Cal Supremes Rule Balance Billing by Emergency Physicians Unconstitutional

All California EP’s now involuntary HMO contract signatories (LA Times):

Winding up in the emergency room is bad enough. But the California Supreme Court ruled Thursday that patients no longer have to worry about getting billed for emergency treatment charges that their HMOs fail to pay.

Health maintenance organizations and patient advocates hailed the decision as an important protection against gouging by hospitals and physicians. But doctors said it would encourage greedy HMOs to underpay them and that that could put emergency rooms in jeopardy.

The decision resolves one part of a contentious debate that has vexed courts, lawmakers and regulators for years. But it leaves open the question of what constitutes reasonable payment for emergency services. Regulations require HMOs to pay hospitals and physicians reasonable fees but do not set out specific amounts.

I’ve been following medical policy for a while, and fortunately HMO penetration of the market is pretty low where I practice.  For all the time I’ve been watching, I’ve never heard that HMO’s pay too much for anything; indeed, they drive a very hard bargain (they aren’t stupid, and they don’t like to part with money).

Because their hard bargains work against the interests of the docs (the ones providing medical care) many times docs would rather not sign a bad deal, and choose to a) bill for the value of their service, and b) put pressure on the HMO through the patient to bargain better.  I’m not in Cal, and don’t know the details of the negotiations they had recently, but apparently when no bargain was struck between the Cal docs and HMO’s under a legislatively-sponsored negotiation, that’s the pretext for this decision.

Docs can sue the HMO for the balance of the bill, which will never happen as the legal fees would vastly outstrip the balance of the individual bill (though I wonder about class-action in this case…I’m not a lawyer, can anyone fill me in?)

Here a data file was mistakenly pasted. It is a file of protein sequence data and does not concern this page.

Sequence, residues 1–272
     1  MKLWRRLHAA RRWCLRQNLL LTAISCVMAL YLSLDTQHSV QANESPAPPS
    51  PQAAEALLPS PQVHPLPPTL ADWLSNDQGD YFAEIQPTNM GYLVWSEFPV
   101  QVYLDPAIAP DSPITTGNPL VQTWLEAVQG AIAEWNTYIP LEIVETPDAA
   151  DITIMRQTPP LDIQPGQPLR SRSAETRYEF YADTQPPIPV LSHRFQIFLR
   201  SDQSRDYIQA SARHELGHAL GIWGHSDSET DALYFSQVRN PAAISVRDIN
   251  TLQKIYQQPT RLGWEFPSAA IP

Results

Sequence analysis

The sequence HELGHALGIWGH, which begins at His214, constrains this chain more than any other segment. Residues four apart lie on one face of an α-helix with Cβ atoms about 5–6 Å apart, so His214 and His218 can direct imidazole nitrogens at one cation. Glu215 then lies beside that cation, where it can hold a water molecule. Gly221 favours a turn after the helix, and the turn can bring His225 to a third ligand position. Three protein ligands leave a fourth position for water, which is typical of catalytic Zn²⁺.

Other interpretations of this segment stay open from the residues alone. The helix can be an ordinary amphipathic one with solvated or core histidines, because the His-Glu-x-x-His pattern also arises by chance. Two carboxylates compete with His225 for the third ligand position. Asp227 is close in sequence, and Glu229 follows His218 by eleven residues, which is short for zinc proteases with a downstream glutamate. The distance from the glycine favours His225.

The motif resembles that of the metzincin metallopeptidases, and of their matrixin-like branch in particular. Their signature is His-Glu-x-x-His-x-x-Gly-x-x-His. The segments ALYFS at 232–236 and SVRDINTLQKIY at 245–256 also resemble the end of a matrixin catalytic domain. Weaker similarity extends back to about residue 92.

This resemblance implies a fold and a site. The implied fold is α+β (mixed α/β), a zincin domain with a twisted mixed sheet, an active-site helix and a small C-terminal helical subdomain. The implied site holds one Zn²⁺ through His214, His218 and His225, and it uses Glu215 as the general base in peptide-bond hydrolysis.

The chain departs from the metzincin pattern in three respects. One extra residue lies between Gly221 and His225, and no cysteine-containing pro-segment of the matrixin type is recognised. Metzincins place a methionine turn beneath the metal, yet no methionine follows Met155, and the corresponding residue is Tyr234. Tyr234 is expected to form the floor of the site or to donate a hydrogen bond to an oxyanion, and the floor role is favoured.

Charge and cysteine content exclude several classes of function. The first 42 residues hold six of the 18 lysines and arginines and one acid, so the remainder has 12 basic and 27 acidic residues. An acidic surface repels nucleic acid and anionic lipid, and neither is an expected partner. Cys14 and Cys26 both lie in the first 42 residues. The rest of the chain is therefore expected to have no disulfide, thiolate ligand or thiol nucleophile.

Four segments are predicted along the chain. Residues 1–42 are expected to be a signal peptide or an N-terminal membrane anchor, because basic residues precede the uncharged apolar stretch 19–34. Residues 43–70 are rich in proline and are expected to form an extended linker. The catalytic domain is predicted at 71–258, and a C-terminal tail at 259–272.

Another reason for docs not already practicing in Cal to choose somewhere else.

Update: Shadowfax weighs in, and points out that now insurers have no reason to negotiate with EP’s’ as there’s no leverage to bargain with.

California gets even more screwed up: predictably, Good Samaritans (Decent People) hardest hit

I cannot believe this is happening in a civilized society (even California):

California Supreme Court allows good Samaritans to be sued for nonmedical careLos Angeles Times

The ruling stems from a case in which a woman pulled a crash victim from a car ‘like a rag doll,’ allegedly aggravating a vertebrae injury.

By Carol J. Williams
December 19, 2008

Being a good Samaritan in California just got a little riskier.
The California Supreme Court ruled Thursday that a young woman who pulled a co-worker from a crashed vehicle isn’t immune from civil liability because the care she rendered wasn’t medical.

The divided high court appeared to signal that rescue efforts are the responsibility of trained professionals. It was also thought to be the first ruling by the court that someone who intervened in an accident in good faith could be sued.

This will have a chilling effect on all Good Samaritans, and not just in California.

In case you didn’t get the message, here’s a Professor of Constitutional and Bioethics Law at USC:

Noting that he would be reluctant himself to step in to aid a crash victim with potential spinal injuries, Shapiro said the court’s message was that emergency care "should be left to medical professionals."

(Also, fires should only be fought by Firemen, so be sure and let your neighbor’s house burn down; don’t keep the mugger from beating the old lady, law enforcement is for the Police only, etc).

Did this Professor of Law not think about the lives saved by CPR every year, and how this will be interpreted by them?  Bystander CPR, and the heroic actions of many a Good Samaritan, are endangered by decisions like this.  That trust in your fellow man, and a belief that government is run by reasonable people, is perishable.  This kind of ruling will kill it, for good.  Horrible.

Prepare to burn to death in your car as people drive by, unwilling to be victimized by a legal class without scruples and a society without morals

I sincerely hope there’s an appeal, to benefit at least good sense if not human decency.

via Life in Manch Vegas

Update: HotAir got the same message:

Hot Air -- get your fillThe court has sent a signal to the people of California: don’t get involved.  If someone’s drowning, don’t jump in the lake and save them.  If someone’s trapped in a car that’s about to explode, sit there and watch the show.  Just make a phone call, and who cares that it might be several minutes before an EMS team can make it to the scene?  If you sit on your hands, no one can sue you for all you’re worth.

Predictably, their post is better than mine, making the same points and others, so make sure you read it all.